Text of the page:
Weapon 28: The Bren Gun by: Neil Grant
Click thumbnails for expanded view.
- Quantity Available: 2
Collector Bookstore is a retailer of new books located in Leavenworth, Kansas. We specialize in price guides and reference books for the antiques and collectibles industry.
Table of Contents
Adopted in 1938 and remaining in British service until 1991, the popular and reliable Bren was an iconic light machine gun, and arguably the most recognizable Commonwealth weapon of World War ll. Gas-operated and magazine-fed, it was based on a Czech design and was issued in large numbers during and after World War ll, as a section-level automatic weapon. Offering remarkable accuracy for an LMG, the Bren had an effective range of 600 yards, but could reach out to over 1,500 yards. It was generally fired from the prone position using a bipod, but could be fired from the hip when necessary. If kept clean, the Bren gave a reliable service in the harshest of environments, from the deserts of Libya to the Korean mountains in winter. As well as widespread infantry use, the Bren was widely supplied to resistance movements in Occupied Europe. Featuring specially commissioned full-colour artwork and based on meticulous research, this is an engaging story of the iconic light machine gun that equipped British and Commonwealth forces throughout World War II and in a host of postwar conflicts, right up to the Falklands and beyond.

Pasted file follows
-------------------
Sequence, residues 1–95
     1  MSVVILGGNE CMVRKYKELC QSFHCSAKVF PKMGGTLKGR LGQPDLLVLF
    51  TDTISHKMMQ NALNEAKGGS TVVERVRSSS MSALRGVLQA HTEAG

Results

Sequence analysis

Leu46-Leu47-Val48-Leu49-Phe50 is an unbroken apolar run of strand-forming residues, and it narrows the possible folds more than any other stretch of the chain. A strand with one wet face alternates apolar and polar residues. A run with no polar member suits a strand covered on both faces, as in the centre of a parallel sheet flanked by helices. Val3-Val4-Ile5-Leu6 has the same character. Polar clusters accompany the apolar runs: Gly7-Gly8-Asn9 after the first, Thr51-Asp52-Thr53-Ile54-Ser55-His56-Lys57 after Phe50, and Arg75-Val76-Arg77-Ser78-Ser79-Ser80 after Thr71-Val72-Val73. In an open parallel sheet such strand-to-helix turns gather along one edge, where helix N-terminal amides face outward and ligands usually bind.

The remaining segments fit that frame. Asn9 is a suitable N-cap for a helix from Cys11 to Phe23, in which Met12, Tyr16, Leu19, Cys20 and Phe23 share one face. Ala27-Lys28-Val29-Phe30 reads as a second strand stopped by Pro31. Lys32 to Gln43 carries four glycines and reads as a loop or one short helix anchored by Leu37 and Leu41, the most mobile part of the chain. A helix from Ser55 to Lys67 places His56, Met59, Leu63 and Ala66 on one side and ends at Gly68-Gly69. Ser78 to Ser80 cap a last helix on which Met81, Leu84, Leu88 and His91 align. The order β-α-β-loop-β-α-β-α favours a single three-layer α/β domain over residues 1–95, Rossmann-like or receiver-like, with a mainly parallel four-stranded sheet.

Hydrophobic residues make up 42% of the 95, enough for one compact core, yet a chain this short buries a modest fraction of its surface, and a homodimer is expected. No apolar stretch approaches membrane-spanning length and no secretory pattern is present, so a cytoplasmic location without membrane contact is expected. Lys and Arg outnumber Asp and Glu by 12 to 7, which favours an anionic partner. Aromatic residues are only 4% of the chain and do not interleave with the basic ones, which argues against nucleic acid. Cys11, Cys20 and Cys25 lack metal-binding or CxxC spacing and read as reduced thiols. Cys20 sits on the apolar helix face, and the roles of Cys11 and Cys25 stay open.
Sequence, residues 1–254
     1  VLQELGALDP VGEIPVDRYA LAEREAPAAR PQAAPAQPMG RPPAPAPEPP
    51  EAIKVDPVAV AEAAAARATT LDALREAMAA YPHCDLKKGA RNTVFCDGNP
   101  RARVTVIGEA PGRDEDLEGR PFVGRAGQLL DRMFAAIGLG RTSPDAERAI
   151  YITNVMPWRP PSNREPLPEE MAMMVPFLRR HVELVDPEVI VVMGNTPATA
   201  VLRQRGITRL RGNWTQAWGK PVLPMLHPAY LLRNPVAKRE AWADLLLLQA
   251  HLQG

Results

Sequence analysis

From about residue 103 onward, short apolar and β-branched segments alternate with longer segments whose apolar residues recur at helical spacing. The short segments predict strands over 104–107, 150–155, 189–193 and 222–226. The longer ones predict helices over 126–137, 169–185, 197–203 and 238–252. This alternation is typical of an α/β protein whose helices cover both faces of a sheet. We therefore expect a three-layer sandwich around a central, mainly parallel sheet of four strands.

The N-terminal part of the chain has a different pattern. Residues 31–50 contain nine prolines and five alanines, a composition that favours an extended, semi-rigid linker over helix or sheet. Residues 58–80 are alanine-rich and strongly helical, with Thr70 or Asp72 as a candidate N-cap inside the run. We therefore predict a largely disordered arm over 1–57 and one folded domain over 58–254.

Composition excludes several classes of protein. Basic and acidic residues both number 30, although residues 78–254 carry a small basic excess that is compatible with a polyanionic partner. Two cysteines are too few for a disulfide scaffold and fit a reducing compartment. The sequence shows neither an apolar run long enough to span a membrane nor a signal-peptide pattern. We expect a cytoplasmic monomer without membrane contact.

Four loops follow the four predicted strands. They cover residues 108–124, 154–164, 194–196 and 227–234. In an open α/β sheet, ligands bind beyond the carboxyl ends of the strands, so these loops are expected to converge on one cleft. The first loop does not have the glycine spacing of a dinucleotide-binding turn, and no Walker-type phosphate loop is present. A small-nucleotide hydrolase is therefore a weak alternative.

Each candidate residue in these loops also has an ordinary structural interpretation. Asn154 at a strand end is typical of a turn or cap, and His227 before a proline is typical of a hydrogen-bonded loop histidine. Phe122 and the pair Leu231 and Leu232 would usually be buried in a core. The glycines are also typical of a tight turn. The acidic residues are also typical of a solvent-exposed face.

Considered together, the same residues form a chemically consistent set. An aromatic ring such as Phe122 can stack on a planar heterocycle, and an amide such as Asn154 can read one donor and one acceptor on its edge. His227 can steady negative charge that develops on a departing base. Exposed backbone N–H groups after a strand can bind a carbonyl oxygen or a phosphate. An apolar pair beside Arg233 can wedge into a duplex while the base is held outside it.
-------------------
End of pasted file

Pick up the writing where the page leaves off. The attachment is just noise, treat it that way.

- Leavenworth , Kansas
- View Storefront
- View Seller Website
- Contact Seller About This Item
- View Store Policies
- Reference #
- Militaria & Weapons
- Country of Origin
- Width: 7.25 inches
- Height: 9.75 inches
- Depth: 0 inch
- Weight: 0.81 pound
- Soft Cover
Items Similar To "Weapon 28: The Bren Gun by: Neil Grant"
Weapon 30: The Longbow by: Mike Loades
US Infantry Weapons of WWII by: Bruce Canfield
rare victory bullet/shell pottery salt and pepper
MILITARY UNIFORM CAP
1939 American Legion Convention Medal
Wisconsin Sponsor World War II Memorial pin
rare victory bullet shell pottery bank
Swords and Hilt Weapons by: Michael Sharpe